Thermometers come in a variety of styles. Understand the different types of thermometers and how to pick the right thermometer for you.By Mayo Clinic Staff
Choosing the thermometer that's best for your family can be confusing. Here's what you need to know about the most common thermometers.
Regular digital thermometers use electronic heat sensors to record body temperature. These thermometers can be used in the rectum, mouth or armpit.
Armpit temperatures are usually the least accurate. Rectal temperatures provide the best readings for infants, especially those 3 months or younger, as well as children up to age 3. For older children and adults, oral readings are usually accurate — as long as the mouth is closed while the thermometer is in place.
If you plan to use a digital thermometer to take both oral and rectal temperatures, you'll need to get two digital thermometers and label one for oral use and one for rectal use. Don't use the same thermometer in both places.
- Most digital thermometers can record temperatures from the mouth, armpit or rectum — often in a minute or less.
- A digital thermometer is appropriate for newborns, infants, children and adults.
- Parents may worry about causing discomfort when taking a child's temperature rectally.
- You need to wait 15 minutes after eating or drinking to take an oral temperature. Otherwise, the temperature of your food or drink might affect the thermometer reading.
- It can be difficult for children — or anyone who breathes through the mouth — to keep their mouths closed long enough to get an accurate oral reading.
Digital ear thermometers, also called tympanic thermometers, use an infrared ray to measure the temperature inside the ear canal.
- When positioned properly, digital ear thermometers are quick and generally comfortable for children and adults.
- Digital ear thermometers are appropriate for infants older than age 6 months, older children and adults.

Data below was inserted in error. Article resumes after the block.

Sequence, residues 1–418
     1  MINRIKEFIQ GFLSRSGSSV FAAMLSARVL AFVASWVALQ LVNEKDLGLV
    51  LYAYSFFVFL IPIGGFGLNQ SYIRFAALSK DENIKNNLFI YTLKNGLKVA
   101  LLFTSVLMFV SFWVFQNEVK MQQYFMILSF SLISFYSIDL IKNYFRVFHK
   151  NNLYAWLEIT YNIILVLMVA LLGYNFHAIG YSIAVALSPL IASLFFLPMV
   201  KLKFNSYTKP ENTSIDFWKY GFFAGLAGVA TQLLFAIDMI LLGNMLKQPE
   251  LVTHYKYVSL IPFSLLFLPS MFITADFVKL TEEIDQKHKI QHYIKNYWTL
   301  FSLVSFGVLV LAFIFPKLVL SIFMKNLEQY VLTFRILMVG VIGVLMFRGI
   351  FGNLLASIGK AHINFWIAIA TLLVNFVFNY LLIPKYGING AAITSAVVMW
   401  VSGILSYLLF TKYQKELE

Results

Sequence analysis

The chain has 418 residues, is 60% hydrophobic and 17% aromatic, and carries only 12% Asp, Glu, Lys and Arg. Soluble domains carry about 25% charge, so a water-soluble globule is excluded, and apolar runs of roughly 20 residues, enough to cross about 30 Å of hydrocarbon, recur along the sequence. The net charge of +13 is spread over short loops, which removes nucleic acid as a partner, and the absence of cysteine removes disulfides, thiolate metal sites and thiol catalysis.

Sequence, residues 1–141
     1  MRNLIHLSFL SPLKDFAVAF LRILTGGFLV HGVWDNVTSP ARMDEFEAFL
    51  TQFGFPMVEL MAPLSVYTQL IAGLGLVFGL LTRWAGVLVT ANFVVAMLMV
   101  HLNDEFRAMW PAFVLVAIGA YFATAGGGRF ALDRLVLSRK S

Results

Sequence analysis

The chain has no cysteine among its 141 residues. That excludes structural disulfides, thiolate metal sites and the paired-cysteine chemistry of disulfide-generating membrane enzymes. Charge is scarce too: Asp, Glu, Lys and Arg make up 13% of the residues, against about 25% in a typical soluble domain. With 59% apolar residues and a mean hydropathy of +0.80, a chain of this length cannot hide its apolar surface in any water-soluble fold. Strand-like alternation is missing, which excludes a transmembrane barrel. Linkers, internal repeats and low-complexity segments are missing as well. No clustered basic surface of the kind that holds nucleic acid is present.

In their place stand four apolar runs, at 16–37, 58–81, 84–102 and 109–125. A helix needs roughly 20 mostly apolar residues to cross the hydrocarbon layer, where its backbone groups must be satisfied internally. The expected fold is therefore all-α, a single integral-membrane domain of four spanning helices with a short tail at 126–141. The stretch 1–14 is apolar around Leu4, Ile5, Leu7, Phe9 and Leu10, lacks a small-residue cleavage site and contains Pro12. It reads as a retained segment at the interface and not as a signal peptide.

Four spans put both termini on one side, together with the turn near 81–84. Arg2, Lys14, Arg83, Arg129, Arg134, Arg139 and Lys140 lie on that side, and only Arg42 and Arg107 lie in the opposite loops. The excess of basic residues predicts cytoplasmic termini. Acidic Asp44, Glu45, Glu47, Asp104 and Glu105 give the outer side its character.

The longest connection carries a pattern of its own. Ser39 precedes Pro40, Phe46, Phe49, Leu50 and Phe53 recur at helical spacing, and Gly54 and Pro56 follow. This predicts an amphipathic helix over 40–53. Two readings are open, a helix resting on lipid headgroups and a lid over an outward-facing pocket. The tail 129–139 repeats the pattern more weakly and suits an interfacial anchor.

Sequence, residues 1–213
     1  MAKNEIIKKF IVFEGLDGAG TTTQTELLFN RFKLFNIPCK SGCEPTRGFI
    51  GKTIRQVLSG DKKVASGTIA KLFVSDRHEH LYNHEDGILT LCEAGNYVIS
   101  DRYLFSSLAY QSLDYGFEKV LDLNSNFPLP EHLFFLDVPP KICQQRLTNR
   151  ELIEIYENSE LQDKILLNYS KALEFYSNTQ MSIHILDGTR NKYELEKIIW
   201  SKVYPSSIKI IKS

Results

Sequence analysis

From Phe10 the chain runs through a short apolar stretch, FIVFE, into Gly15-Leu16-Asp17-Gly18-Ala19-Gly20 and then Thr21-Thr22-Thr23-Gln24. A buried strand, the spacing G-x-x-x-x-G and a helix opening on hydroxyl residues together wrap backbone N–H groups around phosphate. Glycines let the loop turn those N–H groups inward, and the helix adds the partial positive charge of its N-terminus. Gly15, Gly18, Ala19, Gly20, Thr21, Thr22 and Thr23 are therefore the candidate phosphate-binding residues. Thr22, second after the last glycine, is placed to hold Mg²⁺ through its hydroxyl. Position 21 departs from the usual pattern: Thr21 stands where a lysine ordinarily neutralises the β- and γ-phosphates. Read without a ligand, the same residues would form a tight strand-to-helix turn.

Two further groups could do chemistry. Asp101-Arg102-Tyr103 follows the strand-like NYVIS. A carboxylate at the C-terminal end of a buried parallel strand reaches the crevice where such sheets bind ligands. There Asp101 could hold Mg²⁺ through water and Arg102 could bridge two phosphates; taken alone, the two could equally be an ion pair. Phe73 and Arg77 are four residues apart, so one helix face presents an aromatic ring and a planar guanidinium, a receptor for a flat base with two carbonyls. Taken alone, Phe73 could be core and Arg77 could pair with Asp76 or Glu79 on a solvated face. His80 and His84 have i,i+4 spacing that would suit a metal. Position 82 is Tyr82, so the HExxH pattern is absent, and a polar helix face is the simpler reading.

- Digital ear thermometers aren't recommended for newborns.
- Earwax or a small, curved ear canal can interfere with the accuracy of a temperature taken with a digital ear thermometer.
If your child uses a pacifier, you might want to try a digital pacifier thermometer. Your child simply sucks on the pacifier until the peak temperature is recorded.
- Your child may not even realize you're taking his or her temperature.
- Digital pacifier thermometers aren't recommended for newborns.
- For the most accurate reading, your child must hold the pacifier still in his or her mouth for about three to five minutes — which is difficult for many young children.
- Recent research doesn't support the accuracy of temperature readings from pacifier thermometers.
Temporal artery thermometers — often sold as forehead thermometers — use an infrared scanner to measure the temperature of the temporal artery in the forehead.
- Temporal artery thermometers can record a person's temperature quickly and are easily tolerated.
- Temporal artery thermometers are appropriate for infants older than age 3 months and for older children. New research suggests that a temporal artery thermometer also might provide accurate readings for a newborn.
- Additional research suggests that temporal artery thermometers are the most accurate alternative to rectal digital thermometers for taking a child's temperature.
- A temporal artery thermometer may be more expensive than other types of thermometers.
Once a staple in most medicine cabinets, mercury thermometers use mercury encased in glass to measure body temperature. Mercury thermometers are no longer recommended because they can break and allow mercury — which is toxic — to escape.
If you have a mercury thermometer, don't throw it in the trash. Contact your local trash collection program to see if there's a hazardous waste collection site in your area.
Sept. 15, 2018
- Ward MA. Fever in infants and children: Pathophysiology and management. http://www.uptodate.com/home. https://www.uptodate.com/contents/search. Accessed Aug. 30, 2018.
- Cherry JD, et al, eds. Fever: Pathogenesis and management. In: Feigin and Cherry's Textbook of Pediatric Infectious Diseases. 7th ed. Philadelphia, Pa.: Saunders Elsevier; 2014. http://www.clinicalkey.com. Accessed July 23, 2015.
- El-Radhi AS. Determining fever in children: The search for an ideal thermometer. British Journal of Nursing. 2014;23:91.
- Fever and your child. American Academy of Pediatrics.
http://patiented.solutions.aap.org/handout.aspx?gbosid=156451. Accessed July 23, 2015.
- Allegaert A, et al. Tympanic, infrared skin, and temporal artery scan thermometers compared with rectal measurement in children: A real-life assessment. Current Therapeutic Research. 2014;76:34.
- How to take your child's temperature. American Academy of Pediatrics. http://patiented.solutions.aap.org/handout.aspx?gbosid=166297. Accessed July 23, 2015.
- Howells EB. Measuring temperature. Anaesthesia and Intensive Care Medicine. 2015;16:358.
- Mercury thermometers. Environmental Protection Agency. https://www.epa.gov/mercury/mercury-thermometers. Accessed Aug. 30, 2018.